Gale Acuff : Poor Soul, Marriage : Poetry : March 2019

Southern Legitimacy Statement: I was born in Atlanta, Georgia(1956), and reared in Powder Springs and Marietta. I’ve lived in Georgia, Alabama, North Carolina, Tennessee, Texas, Louisiana, and Mississippi (and Oklahoma and West Virginia). I’ve taught at the University of Alabama-Huntsville, Tennessee Tech, North Carolina State University, LSU-Baton Rouge, Mississippi State University, and elsewhere (Texas Tech, for example).

Poor Soul

One day when I die maybe Miss Hooker
will come to my funeral and cry
and cry because she misses me, my soul,
up in Heaven now, only my body
left on earth for everyone to see
until they stash it somewhere underground.
I guess by the time she blows her nose for
the first time I’ll be standing in front of
God, waiting for His judgement. He’ll decide
whether I get to hang in Heaven or
I have to burn in Hell. If Hell it is
I’ll point out that Heaven’s closer, the door
is right behind Him, but if He sends me
to Hell it’s just more trouble for Him. Nice
try, He’ll say, but I’m God–it’s no trouble
at all for me to put you there. No strain.
Sometimes I don’t pay enough attention

in Sunday School, so I can’t remember
what they tell me that I really believe,
whether my soul remains in my body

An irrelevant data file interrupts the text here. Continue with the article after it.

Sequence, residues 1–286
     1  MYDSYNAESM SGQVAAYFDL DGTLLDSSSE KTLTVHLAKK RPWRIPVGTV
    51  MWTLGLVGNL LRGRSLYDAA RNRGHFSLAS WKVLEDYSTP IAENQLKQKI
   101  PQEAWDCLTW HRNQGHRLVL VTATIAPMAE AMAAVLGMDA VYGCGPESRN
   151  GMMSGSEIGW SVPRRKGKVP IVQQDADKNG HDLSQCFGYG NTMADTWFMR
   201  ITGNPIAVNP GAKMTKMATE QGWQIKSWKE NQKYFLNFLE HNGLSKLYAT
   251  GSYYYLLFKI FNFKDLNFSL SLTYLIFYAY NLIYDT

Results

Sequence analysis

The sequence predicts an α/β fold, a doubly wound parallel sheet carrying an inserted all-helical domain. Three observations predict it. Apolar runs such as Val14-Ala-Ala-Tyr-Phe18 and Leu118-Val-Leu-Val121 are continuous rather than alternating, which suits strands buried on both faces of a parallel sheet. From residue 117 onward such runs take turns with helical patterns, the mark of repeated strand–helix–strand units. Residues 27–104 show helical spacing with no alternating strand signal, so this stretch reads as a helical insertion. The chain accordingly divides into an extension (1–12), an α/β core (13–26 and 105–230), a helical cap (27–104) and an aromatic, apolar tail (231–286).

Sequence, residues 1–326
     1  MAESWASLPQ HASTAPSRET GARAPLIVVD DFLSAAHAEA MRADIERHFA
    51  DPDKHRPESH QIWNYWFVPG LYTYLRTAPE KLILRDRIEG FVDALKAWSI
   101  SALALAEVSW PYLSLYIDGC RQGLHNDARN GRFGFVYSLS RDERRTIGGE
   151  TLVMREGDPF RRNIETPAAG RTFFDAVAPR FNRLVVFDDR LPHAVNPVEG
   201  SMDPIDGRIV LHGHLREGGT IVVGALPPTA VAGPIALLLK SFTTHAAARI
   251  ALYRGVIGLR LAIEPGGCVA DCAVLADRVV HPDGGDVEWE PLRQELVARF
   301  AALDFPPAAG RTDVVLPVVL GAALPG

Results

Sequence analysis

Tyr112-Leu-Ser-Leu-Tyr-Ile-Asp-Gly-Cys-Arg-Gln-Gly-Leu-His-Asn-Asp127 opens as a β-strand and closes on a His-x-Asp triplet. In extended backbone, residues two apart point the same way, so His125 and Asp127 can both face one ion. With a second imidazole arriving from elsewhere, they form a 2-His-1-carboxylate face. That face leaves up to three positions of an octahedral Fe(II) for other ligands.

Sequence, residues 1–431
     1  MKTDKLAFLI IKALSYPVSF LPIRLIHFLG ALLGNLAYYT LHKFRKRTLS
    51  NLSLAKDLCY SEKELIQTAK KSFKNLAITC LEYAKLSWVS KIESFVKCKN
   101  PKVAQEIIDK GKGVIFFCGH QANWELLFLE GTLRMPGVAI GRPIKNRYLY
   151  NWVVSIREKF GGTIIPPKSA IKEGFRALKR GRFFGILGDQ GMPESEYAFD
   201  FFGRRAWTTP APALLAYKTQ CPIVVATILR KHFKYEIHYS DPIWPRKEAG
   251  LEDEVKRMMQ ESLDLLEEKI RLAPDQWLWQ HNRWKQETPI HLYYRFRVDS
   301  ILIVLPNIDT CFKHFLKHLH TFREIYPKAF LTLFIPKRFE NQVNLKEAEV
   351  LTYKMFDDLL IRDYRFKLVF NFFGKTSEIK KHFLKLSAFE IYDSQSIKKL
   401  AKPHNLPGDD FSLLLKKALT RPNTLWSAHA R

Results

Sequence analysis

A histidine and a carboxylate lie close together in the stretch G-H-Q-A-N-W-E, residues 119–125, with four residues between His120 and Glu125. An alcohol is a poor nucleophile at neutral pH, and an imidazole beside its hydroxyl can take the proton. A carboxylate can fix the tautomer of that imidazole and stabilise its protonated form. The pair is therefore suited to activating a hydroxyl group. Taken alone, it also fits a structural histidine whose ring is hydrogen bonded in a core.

until the Judgement Day or leaves as soon
as I’m dead. But maybe while Miss Hooker
cries I’ll be at the bottom of the box
but can still hear her. They’ll cover me up
and go away and my soul will be there
stuck inside my body until it rots
and then I guess the coffin will be my
body and when it’s gone I guess the earth.
I wonder if all that’s in the Bible.
If it isn’t, it should be. Miss Hooker
is my Sunday School teacher and I could
ask her but whenever I’m about to
I always choke and then she buries me.

 

Marriage

One day I want to marry Miss Hooker,

my Sunday School teacher, because that way

I’m sure to go to Heaven, like she will,

and God will feel sorry for me even

more because she’s 25 to my 10

and when I’m ready to marry she’ll be

even older, always by fifteen years,

and probably die first, leaving me to

wait until I see her again, unless

I go to Hell but I hope not–it’s hot

 

down there, Miss Hooker says, and there’s torture

from Satan and he really knows his stuff.

And anyway I love Miss Hooker, her

red hair and green eyes and freckles and moles

and dimples. She’s got everything I don’t

and is a woman besides. That’s a plus.

Of course, she might not love me the way I

love her but I’m working on that–I pray

every night that she’ll see what I’ll be

when I’m old enough to marry, 16

maybe, to her 31. She’ll see me

when I’m grown before I am, I mean. That’s

smart. And every night before we fall

 

asleep she’ll tell me a Bible story.

That can’t hurt to get me into Heaven

and if she dies before I do she’ll put

in a good word for me with God and so

when I die I’ll get to dwell with Him and

see her again. I’m not sure which one I’d

like to see the most. I know Miss Hooker

better. Maybe that will change. Maybe we’ll

get divorced. That might cut down my chances

of getting into Heaven–hers, too–but

if we both go to Heaven at least we’ll be

 

together. Take that, God, we’ll cry from way

below in Hell. It would be just my luck

that I go to Heaven and Miss Hooker

doesn’t. I wonder if I’ll forget her

while I’m singing and playing the harp and

learning to use my wings. Sometimes it’s good

to forget. I hope she’ll remember me

down there. I just want her to be happy.

 

 

–Gale Acuff